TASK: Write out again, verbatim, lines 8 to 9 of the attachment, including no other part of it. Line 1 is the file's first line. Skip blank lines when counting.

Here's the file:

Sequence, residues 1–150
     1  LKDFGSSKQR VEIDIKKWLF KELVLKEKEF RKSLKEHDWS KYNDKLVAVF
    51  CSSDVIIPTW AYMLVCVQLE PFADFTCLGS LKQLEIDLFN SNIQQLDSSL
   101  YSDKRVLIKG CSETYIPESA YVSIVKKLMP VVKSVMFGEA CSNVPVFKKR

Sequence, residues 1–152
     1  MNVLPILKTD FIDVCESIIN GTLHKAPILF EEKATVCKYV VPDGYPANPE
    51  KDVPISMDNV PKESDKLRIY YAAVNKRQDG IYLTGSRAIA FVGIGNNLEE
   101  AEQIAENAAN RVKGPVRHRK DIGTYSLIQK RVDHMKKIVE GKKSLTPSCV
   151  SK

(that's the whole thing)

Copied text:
   101  AEQIAENAAN RVKGPVRHRK DIGTYSLIQK RVDHMKKIVE GKKSLTPSCV
   151  SK